Even with all of the above, the main reason I like this movie so much is probably because it might be the director’s most beautifully animated feature. Especially after two film’s worth of heavy rotoscoping, to see the love and detail put into each frame here is fantastic. Beyond the detail, everything moves so fluently. The character designs are wonderful, exaggerated in an appropriately cartoon-ish manner while still having the character of a human face. The content might be pretty ugly but “Hey Good Lookin’” is very pretty to look at.

Despite the quality, nobody saw the film upon release and it remains mostly unseen to this day. The critics who did see it weren’t impressed. An official DVD release is obviously out-of-the-question, though bootlegs and torrents are widely available. The movie was recently put up for download on iTunes, which I hope is a test-run for an actual release, probably through Warner Brothers’ Archive DVD-on-demand program. If a release like that happens, perhaps the film will be rediscovered and reevaluated. It might very well be the filmmaker’s best work. [Grade: B+]

Monday, August 27, 2012

Director Report Card: Ralph Bakshi (1981)

6. American Pop

After the box office successes of his fantasy films, Bakshi decided to return to the smaller, more personal stories that made his reputation. “American Pop” is a hugely ambitious film following four generations of the same family while also following the evolution of American pop music. (Hence the title.)

After a long opening credits sequence, an overture of sorts, the story opens in 1890s Russia with a family of Jews fleeing religious persecution. This opening sequence’s dialogue is told through silent movie-style titles. The family soon reaches the new world, America, "the country were dreams come true.". From there, the film walks through the musical movements and events of the decades. From the burlesque bars of the early 1900s, the unionization of American workers, World War I, the roaring twenties, the birth of jazz, prohibition, the rise of the organized crime, the great depression, World War II, swing music, the creation of suburbia and the modern nuclear family in the 1950s, the Beatnik culture, the birth of modern folk music, hippies, acid rock, drug addiction, punk, and into the (then-)modern age of the early 1980s. Each generation is shown as making their own unique stamp on popular culture.

Condensing nearly a hundred years worth of history and music into ninety minutes would be a daunting task for even the best filmmaker. That’s the major problem with “American Pop.” It’s too short. The movie constantly changes protagonists, leaving us with at least a dozen major characters and none of them developed beyond general ideas. One of the sons doesn’t get more then, maybe, ten minutes of screen time. A rock band’s rise to fame happens mostly off-screen. Since the film’s casts and its concepts are innately tied together, some major areas of pop culture are brushed over. The entire hippy movement and Vietnam are basically relegated to one montage. Punk and all of the seventies similarly take up only a few minutes of screen time. For all the time spent on the 1950s, we never really get a good sense of the musical evolution of that era. The movie obviously tries but the run time is a seriously hindrance. “American Pop” probably would have been better served as a mini-series, spread out over many hours.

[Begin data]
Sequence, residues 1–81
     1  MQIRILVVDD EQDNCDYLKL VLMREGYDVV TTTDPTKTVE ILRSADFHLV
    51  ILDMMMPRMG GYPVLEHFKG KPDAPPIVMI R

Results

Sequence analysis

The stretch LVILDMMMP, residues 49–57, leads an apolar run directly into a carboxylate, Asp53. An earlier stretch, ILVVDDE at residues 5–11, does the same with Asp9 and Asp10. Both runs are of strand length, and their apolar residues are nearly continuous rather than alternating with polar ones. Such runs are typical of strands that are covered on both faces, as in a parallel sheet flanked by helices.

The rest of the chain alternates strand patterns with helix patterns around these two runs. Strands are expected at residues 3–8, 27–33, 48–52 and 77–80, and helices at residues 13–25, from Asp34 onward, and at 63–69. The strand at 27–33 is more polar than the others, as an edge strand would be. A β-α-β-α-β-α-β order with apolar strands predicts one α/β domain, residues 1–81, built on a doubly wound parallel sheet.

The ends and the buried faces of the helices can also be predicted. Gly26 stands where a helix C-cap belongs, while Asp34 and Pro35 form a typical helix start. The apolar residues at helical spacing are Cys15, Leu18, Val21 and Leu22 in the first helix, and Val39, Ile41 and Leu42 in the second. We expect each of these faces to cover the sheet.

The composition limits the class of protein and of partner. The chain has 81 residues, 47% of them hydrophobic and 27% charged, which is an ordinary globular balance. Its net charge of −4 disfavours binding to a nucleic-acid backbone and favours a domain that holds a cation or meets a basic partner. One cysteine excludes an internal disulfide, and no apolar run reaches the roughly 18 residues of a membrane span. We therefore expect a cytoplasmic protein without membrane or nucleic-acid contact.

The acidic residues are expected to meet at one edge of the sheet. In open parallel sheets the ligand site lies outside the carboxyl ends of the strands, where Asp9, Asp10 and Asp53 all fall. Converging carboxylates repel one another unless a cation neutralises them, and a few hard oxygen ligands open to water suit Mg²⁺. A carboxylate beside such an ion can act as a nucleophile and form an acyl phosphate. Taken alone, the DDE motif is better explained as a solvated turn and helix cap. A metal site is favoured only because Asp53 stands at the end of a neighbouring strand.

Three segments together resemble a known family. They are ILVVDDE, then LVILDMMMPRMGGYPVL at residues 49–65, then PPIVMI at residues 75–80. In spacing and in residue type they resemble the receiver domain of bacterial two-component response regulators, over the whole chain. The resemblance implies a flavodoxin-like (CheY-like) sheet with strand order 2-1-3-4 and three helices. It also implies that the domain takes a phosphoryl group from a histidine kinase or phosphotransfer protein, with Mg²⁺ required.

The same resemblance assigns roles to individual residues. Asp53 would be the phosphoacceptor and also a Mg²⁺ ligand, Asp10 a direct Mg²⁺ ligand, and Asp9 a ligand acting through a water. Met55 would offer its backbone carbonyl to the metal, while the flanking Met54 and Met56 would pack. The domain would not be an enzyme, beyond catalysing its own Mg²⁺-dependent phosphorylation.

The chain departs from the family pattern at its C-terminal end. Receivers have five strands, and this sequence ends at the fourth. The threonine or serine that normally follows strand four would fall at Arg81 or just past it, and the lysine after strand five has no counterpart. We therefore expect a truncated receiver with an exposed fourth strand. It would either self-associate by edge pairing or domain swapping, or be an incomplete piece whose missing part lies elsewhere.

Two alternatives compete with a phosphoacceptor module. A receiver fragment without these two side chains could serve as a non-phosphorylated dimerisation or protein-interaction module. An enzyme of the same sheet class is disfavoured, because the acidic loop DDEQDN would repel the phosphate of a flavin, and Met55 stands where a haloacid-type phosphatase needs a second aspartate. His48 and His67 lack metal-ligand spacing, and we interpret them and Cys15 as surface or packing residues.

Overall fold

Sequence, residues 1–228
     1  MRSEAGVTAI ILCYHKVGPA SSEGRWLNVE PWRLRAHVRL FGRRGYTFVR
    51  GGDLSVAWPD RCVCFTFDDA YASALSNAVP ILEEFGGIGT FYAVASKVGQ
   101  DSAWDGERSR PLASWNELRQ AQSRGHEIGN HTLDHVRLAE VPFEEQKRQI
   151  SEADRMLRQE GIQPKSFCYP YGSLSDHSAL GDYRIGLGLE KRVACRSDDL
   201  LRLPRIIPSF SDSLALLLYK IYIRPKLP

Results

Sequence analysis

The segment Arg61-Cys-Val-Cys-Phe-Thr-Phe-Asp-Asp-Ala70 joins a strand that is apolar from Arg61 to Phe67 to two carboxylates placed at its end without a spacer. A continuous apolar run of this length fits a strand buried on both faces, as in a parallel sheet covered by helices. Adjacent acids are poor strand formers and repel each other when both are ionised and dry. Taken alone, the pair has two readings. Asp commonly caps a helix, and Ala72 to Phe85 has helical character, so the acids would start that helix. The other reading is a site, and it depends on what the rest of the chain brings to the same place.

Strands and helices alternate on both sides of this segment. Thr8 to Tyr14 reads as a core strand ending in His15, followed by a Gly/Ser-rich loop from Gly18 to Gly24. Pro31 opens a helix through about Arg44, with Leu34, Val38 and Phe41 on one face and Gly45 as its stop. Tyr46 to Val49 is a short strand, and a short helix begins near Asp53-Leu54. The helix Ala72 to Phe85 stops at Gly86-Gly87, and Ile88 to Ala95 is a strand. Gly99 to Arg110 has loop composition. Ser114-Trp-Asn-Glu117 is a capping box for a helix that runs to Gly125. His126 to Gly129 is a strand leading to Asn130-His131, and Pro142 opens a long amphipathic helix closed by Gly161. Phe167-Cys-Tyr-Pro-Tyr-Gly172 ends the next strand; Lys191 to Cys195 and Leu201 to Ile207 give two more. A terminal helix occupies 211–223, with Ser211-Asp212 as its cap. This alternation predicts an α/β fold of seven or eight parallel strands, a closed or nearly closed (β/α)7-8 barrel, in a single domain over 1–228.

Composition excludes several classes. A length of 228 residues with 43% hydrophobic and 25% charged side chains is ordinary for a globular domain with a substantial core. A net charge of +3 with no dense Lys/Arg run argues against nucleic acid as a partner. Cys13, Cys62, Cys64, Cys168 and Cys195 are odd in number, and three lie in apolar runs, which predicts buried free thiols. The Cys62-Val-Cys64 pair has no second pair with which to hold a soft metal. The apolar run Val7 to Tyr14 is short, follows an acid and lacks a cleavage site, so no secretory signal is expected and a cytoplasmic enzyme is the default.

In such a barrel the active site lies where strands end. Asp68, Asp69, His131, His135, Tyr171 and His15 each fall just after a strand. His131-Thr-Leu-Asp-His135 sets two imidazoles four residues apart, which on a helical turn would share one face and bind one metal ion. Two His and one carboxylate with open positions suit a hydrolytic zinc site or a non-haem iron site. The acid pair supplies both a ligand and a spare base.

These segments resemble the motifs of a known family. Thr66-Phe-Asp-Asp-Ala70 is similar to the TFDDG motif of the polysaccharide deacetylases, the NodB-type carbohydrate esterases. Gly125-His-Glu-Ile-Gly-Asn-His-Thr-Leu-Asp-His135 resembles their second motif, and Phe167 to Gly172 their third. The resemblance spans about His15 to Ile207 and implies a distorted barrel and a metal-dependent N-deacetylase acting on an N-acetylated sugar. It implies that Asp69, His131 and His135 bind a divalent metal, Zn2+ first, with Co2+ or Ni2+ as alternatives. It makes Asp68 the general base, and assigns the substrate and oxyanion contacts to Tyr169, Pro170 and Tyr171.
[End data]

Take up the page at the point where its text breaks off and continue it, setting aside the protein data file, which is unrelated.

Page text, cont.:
The second major problem sadly has nothing to do with writing or pacing. As in his last film, Bakshi uses rotoscoping as a shortcut and a crutch. All the main characters in the film are drawn over footage of existing actors. There’s so much of it that you begin to wonder why the movie was even animated to begin with. To save on costuming, production design, and location shooting? This is easily a story that could have been told in live action. (And perhaps better.) The rotoscoping isn’t always successful either, giving character’s very strange facial expressions or sometimes looking like nothing but color scribbled over a moving blob. As a cost-saving effort, it’s fine. As a creative process, rotoscoping does nothing but limit the director’s vision.

The movie’s still not bad, despite its glaring flaws. The soundtrack is, obviously, fantastic. Sam Cooke and Cole Porter are used as a reoccurring motif throughout. George Gershwin, Jimmi Hendrix, Jefferson Airplane, Lou Reed, the Sex Pistols, and Pat Benatar are all prominently featured. Aside from the main songs, Lee Holdridge’s orchestral soundtrack is quite nice, opening up the epic scope of the story while grounding the more personal moments.

Occasionally, the film steps outside of its determined, realistic animation style. This leads to the wilder, best moments. A montage of World War II artillery, gun fire, and battlefield, is cut with rowdy footage of swing dancers. A character’s acid trip during a rock concert leads to an effective freak-out scene that combines animation and live-action. A montage showing drug dealing during the punk age is effectively, and literally, colorful. Many of the backgrounds are painted and frequently full of exaggerated faces and people, a curious decision. The softer, more character-orientated moments are nice too. A young couple stripped down in front of each other, totally in silence. Later on, a son has to protect his drug-addled father from being mugged. Another scene involving the same characters, set on a park bench, says a lot with a little. More scenes showing that level of pathos or creativity would have been greatly appreciated.